By Alison Faulkner, survivor researcher (based on a talk given at the Refocus on Recovery conference in Nottingham, 2019)
I have borrowed the title of this talk from an excellent paper by Nev Jones and Timothy Kelly (2015) in the U.S. exploring the heterogeneities of madness and their relation to disability… it seems an appropriate phrase to describe the complications and dilemmas surrounding peer support in its many different forms.
When I first started preparing this talk, I imagined tracing a path of rationality through these complications, but I am sorry to say that I was unable to do that. I probably raise more questions than I answer here, but I hope that some of the issues raised will nevertheless be of interest.
As a survivor researcher, I find myself with one foot in academia and another in survivor activism. Much of my work has been and is in the voluntary sector, where peer support work has been undertaken by Mind, Together and a number of other mental health charities. I stand most comfortably in and with the National Survivor User Network, a user led network and registered charity, supporting people and groups with experience of distress and disadvantage across England.
I want to say at the start that I am aware of my own privilege, being both white and middle class educated, which has given me platforms from which to speak from. There are many people who are working with and for peer support within marginalised and racialised communities whose views and perspectives are not often heard. I think it is important for us all to remember and consider whose voices are not represented in these spaces.
This is an overview of the questions I am covering:
- Who is a peer?
- What is peer support?
- A divided path?
- Finding common ground?
- Imagining our futures
1. Who is a Peer?
‘whiteness must not escape structural scrutiny’
Colin King, 2007, p.27
First of all, I think it is important to remember the meaning of the word peer: that it is a person of equal standing – something I was reminded of recently at a workshop held by Sascha Altman DuBrul in Mind in Camden, London. Within current mental health services context – and beyond – it has come to mean ‘someone with lived experience of mental illness or distress’ simply by default – and this is regardless of what they are doing or what their role is as a ‘peer’.
Furthermore, it is important to recognise that, for some people, a shared identity or background in another context can be more important than a shared experience of mental distress. But… there are many ways in which our experiences differ and change over time…
- Course, temporal trajectory
- Medical vs Social model
The heterogeneities of madness and distress
There are so many ways in which the experience and the expression of madness and distress vary, and very often these differences are effaced by the need to speak – or represent – a view or a service or to convey a neat narrative.
We can differ on the basis of the language we use about ourselves, the severity and nature of distress we experience, the course and temporal trajectory of distress – the extent to which it disables us or interrupts our lives.
And there are large intersectional differences between us brought about by race, sexual orientation, gender, and these things matter. They make a difference to our privilege, disadvantage, inclusion and exclusion in society as a whole. Being white and middle class makes a difference to my experience within services and within society.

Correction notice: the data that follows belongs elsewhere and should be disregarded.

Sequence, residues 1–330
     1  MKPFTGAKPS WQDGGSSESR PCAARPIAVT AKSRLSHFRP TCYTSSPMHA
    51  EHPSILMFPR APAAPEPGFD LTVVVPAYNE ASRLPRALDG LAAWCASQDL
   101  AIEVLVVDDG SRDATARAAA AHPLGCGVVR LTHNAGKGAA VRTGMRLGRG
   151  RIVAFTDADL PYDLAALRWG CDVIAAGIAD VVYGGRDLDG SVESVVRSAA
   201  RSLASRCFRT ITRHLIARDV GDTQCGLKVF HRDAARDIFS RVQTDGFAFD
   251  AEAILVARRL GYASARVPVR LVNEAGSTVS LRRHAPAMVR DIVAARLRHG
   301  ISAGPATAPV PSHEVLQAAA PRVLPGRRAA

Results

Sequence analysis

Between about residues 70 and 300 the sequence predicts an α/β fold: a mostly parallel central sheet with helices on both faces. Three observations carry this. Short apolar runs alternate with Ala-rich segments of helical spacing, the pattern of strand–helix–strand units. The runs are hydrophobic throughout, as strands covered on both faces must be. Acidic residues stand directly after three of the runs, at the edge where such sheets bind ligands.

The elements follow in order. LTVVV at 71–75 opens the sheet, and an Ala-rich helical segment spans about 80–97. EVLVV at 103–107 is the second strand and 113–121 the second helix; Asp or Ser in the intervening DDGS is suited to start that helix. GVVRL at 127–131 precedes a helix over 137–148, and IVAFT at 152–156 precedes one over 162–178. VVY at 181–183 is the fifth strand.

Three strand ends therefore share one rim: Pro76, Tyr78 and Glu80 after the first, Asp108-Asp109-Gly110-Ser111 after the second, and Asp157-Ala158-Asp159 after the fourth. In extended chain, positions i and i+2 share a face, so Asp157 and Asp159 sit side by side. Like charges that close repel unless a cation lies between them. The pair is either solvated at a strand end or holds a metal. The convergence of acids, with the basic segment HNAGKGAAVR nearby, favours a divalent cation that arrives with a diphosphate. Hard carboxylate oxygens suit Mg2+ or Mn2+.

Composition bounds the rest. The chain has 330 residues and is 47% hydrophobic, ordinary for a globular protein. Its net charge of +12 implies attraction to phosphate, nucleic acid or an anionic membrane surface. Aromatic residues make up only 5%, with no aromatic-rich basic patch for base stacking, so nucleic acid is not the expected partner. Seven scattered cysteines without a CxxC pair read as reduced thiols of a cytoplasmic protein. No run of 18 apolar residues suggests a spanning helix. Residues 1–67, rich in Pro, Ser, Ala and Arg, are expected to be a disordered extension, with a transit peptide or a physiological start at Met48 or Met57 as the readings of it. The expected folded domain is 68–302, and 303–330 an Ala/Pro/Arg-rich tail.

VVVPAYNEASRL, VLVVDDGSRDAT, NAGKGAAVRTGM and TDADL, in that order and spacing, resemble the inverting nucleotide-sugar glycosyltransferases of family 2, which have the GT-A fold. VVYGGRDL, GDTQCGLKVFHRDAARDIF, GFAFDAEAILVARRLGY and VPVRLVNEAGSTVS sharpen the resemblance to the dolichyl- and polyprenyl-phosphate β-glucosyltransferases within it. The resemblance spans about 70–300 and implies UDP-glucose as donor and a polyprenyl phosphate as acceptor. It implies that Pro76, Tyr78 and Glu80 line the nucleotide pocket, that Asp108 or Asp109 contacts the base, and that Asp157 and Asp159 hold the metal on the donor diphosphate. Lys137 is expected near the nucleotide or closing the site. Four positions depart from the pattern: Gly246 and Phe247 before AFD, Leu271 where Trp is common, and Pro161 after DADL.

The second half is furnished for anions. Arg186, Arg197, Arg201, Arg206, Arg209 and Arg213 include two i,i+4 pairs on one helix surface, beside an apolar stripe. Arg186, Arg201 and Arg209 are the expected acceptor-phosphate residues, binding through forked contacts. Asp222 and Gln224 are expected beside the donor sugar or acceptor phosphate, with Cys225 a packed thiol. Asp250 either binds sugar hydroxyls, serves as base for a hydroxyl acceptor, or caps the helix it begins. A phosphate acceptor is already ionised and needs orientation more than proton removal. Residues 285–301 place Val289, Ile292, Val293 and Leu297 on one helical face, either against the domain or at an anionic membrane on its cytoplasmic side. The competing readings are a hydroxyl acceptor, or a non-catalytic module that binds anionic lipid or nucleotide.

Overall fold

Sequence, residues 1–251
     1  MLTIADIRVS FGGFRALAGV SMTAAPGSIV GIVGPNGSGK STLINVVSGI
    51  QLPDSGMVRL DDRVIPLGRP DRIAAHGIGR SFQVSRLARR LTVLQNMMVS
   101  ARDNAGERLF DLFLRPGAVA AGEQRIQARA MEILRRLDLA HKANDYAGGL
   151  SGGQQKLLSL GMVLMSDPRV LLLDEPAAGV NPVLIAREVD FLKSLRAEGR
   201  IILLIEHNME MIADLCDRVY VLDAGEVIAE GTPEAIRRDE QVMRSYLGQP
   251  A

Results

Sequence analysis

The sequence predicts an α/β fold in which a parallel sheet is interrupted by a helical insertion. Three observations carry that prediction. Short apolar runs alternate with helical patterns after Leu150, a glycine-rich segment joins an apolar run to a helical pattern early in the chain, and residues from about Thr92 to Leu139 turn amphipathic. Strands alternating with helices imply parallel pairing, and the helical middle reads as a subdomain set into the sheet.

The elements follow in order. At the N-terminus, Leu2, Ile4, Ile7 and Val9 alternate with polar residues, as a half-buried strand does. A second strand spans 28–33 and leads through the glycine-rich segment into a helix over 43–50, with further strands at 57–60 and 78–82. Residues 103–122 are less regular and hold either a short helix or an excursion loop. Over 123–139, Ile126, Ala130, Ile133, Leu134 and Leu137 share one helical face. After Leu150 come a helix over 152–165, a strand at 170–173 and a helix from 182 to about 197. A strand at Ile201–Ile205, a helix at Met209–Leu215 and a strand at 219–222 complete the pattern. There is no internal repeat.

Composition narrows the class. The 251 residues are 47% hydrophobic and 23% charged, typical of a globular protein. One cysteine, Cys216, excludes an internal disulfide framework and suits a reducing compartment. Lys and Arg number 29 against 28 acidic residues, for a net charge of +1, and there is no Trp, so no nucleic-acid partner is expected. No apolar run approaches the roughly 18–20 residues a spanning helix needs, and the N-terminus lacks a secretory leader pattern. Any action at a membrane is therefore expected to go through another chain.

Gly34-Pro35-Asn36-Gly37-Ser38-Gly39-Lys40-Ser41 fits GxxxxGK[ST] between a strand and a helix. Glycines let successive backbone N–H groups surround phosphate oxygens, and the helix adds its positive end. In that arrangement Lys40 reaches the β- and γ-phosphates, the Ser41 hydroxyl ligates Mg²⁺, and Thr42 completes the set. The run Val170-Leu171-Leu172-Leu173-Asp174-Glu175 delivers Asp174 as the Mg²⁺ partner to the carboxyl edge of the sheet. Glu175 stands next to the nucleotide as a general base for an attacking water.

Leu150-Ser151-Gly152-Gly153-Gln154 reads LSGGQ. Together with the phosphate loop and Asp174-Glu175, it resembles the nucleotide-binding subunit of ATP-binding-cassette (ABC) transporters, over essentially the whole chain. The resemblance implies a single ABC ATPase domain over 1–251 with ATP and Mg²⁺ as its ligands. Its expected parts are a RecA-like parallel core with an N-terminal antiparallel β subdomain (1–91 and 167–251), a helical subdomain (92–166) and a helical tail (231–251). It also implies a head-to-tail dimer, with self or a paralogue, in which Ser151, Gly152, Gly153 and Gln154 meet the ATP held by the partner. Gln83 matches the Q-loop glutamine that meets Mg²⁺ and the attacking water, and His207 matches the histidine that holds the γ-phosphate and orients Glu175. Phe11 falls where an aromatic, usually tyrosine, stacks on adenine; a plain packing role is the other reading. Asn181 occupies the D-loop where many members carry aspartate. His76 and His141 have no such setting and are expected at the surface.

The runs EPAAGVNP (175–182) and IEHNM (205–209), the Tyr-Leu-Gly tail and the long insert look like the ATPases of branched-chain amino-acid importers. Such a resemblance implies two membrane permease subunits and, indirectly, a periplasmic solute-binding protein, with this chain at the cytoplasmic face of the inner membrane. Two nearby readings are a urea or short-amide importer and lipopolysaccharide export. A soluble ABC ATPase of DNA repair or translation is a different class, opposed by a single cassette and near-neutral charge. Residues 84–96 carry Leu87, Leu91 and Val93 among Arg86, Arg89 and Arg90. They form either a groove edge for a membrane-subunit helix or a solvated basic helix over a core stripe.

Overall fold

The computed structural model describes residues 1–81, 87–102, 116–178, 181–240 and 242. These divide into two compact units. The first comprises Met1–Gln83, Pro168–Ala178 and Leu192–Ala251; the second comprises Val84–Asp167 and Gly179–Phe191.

I raise these issues because they matter in peer support too: it may not be enough simply to share a background of mental distress if you are different in significant ways that mean you cannot feel as if you are experiencing a peer, equal, relationship. Remember that concept of the person of equal standing.
2. What is Peer Support?
There are so many different terms for peer support in its many different manifestations that we can be forgiven for not always being able to recognise it when we see it… and it has become very much more complicated in recent years as so many of us have tried to define and redefine it… So, I will take a few steps back in time.
‘On our own terms’, published 2001: Centre for Mental Health
In or around the turn of this century, Jan Wallcraft and others at Centre for Mental Health (previously the Sainsbury Centre) undertook a survey of service user groups across England, and found that 79% were engaged in what was described as mutual support, self-help, supporting each other. It is at the core of what many people think of as the user/survivor movements.
The significance of peer support and self-help spaces
For me, what is at the core of peer support is the space that enables us to share our experiences, tell our stories, with the expectation of being believed and heard and without fear of judgement or pathologisation. Peer support is the bedrock of experiential knowledge – it is where we come to validate our experiences and learn from and with each other, where we develop our own knowledge and ideas, strategies and value.
Respecting our history and communities: here are some images that represent just a fraction of some of those spaces, both physical and virtual, where experiential knowledge develops and grows.
Telling our stories is at the core of peer support and how we come to share our experiences and support each other. We don’t have to tell our whole stories, but the sharing of experiences raises our own awareness of the complexity surrounding us and of routes through our distress.
‘Narratives are important to all cultures; indeed it is how we, as human beings, make sense of our lives, our identities and our worlds.’ Morgan et al, 2016
‘The centrality of storytelling within self-help/support enmeshes individual trajectories with understandings of similar ones, criss-crossing individual’s narratives with those of others and using (parts of) others’ to rework the individual’s own.’ Noorani, 2013, p.62